It's been a crazy week on Wall Street, as markets swing wildly up and down, trying to get a handle on what the latest news from the Federal Reserve's most recent meeting means to the investors of the world.
But, after suffering a terrific tumble yesterday, things are looking up today. A mid-morning check finds both the Dow and the S&P 500 in the green, and Wells Fargo (NYSE:WFC) looking especially perky, having climbed nearly 1.6% already today.
Most big banks still sulking
Unfortunately, the same can't be said for the other big banks. Citigroup (NYSE:C) has lost more than 3% since opening, while JPMorgan Chase (NYSE:JPM) is down by nearly 0.50%. Bank of America (NYSE:BAC), which had so bravely held its head above the $13 per share watermark for over a month, stumbled badly yesterday, falling to $12.89. The bloodbath continues today, and B of A has dropped almost 2.5% just this morning.
While much of the market unrest is likely because of continuing jitters concerning the Fed's plans for QE3 and China's economic lethargy, it is possible that some of the less-than-flattering news about the banking industry that graced headlines during the past week is to blame, as well.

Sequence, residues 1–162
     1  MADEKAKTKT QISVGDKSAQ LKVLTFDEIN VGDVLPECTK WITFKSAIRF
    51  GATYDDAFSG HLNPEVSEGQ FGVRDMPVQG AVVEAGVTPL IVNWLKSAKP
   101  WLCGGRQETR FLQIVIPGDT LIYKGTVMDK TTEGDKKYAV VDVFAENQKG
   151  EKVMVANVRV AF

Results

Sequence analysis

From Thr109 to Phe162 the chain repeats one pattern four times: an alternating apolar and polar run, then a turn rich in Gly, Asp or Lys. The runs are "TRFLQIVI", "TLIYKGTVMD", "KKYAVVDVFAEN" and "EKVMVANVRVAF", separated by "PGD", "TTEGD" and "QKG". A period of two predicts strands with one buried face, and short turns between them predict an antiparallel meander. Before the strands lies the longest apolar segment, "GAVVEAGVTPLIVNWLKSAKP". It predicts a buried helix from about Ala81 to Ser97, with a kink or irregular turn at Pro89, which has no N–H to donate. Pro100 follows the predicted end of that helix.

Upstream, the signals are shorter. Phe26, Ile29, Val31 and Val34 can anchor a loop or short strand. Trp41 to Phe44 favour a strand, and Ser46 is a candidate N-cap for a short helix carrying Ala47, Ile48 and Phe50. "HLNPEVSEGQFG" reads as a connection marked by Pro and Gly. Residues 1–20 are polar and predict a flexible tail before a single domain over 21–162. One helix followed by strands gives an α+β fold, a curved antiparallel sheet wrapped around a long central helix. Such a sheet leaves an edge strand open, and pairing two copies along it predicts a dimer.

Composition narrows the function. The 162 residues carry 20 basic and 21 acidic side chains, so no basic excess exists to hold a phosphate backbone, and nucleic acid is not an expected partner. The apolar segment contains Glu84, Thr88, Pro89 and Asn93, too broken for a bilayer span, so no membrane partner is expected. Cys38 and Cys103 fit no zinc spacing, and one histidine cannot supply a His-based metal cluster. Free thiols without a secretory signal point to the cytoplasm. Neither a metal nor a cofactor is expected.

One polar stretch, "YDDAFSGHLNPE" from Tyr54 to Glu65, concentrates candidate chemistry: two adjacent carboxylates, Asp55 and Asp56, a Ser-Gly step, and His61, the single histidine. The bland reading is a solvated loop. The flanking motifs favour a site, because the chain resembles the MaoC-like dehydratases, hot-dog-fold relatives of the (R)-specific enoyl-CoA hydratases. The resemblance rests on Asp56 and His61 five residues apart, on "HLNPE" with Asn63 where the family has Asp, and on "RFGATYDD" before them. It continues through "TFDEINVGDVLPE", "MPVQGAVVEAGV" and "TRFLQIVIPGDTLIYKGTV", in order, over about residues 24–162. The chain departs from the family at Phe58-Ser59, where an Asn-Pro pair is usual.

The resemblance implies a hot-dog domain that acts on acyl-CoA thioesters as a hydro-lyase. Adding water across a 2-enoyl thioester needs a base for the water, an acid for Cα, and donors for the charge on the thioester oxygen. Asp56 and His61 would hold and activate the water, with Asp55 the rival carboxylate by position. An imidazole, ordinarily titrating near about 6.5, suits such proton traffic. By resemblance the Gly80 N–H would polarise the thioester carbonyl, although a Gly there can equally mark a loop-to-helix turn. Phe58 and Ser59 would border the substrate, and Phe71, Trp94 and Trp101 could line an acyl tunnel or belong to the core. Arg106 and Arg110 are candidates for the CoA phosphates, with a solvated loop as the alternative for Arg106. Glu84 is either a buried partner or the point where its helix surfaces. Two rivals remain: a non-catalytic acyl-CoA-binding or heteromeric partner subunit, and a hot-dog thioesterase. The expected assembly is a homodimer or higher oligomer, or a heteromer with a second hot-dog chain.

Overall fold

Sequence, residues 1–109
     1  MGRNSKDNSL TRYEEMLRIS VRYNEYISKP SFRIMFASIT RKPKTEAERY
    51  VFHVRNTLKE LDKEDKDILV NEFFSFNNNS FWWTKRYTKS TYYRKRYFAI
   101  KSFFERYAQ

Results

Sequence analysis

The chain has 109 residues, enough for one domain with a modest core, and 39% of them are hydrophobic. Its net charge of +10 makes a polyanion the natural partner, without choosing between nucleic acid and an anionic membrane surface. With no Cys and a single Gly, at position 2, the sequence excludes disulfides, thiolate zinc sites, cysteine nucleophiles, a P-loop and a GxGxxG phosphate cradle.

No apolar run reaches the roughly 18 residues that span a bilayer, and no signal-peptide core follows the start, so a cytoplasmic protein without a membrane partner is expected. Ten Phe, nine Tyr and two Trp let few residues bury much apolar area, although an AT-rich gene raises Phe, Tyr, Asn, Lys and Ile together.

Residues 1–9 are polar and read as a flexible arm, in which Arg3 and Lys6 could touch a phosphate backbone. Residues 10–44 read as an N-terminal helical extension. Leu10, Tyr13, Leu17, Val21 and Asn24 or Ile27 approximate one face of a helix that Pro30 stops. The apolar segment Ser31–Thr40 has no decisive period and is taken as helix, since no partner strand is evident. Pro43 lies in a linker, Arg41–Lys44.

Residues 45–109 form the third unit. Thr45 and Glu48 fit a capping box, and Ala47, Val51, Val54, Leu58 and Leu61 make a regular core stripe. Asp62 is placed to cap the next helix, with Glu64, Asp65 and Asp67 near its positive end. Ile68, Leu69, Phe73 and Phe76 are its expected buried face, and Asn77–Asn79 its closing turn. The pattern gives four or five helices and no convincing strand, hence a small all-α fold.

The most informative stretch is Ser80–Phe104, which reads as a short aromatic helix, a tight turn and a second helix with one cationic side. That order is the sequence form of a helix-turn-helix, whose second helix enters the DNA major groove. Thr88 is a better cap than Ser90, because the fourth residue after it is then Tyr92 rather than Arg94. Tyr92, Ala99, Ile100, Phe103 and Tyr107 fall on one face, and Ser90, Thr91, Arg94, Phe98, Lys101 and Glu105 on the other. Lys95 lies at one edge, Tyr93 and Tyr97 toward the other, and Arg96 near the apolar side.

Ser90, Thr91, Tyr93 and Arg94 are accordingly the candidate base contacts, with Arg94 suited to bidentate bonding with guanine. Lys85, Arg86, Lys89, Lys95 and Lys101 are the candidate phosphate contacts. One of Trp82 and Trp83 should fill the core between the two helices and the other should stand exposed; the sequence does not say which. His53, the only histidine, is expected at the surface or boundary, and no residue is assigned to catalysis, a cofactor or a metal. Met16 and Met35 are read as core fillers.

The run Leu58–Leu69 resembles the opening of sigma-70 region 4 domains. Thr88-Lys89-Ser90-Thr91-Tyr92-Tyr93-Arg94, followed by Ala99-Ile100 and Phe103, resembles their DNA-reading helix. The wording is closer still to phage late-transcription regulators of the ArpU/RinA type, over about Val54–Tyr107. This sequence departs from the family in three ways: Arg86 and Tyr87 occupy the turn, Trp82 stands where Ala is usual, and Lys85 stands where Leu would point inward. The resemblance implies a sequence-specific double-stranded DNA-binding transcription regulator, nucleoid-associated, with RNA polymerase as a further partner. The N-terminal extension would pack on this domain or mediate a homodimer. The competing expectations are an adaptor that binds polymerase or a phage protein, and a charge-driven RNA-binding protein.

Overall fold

For instance, the monitor's report concerning the $25 billion National Mortgage Settlement pointed at all of the Big Four, including Wells. That certainly couldn't account for the massacre that occurred yesterday, though -- which was most probably part and parcel of the unstable ground that markets found themselves treading after Uncle Ben's press conference on Wednesday.
One recent news item, however, could account for Wells' elevation above its peers: Bloomberg reports that regulators are thinking of doubling the capital requirements for the biggest U.S. banks, bringing to 6% the ratio of capital-to-assets these institutions will be required to hold. Guess which bank already meets these stringent rules: that's right, Wells Fargo.
Of course, nothing has been decided yet on that score, and there is doubtless still some volatility in the markets, which may not subside today. As Foolish investors well know, a snapshot look at any given stock, taken in isolation, can be detrimental to the long-term view. The big picture, as always, is what really matters, and the normal ups and downs of the market are something that investors with their eyes on the prize take into consideration, knowing that these hills and valleys are just part of the business of intelligent, long-term investing.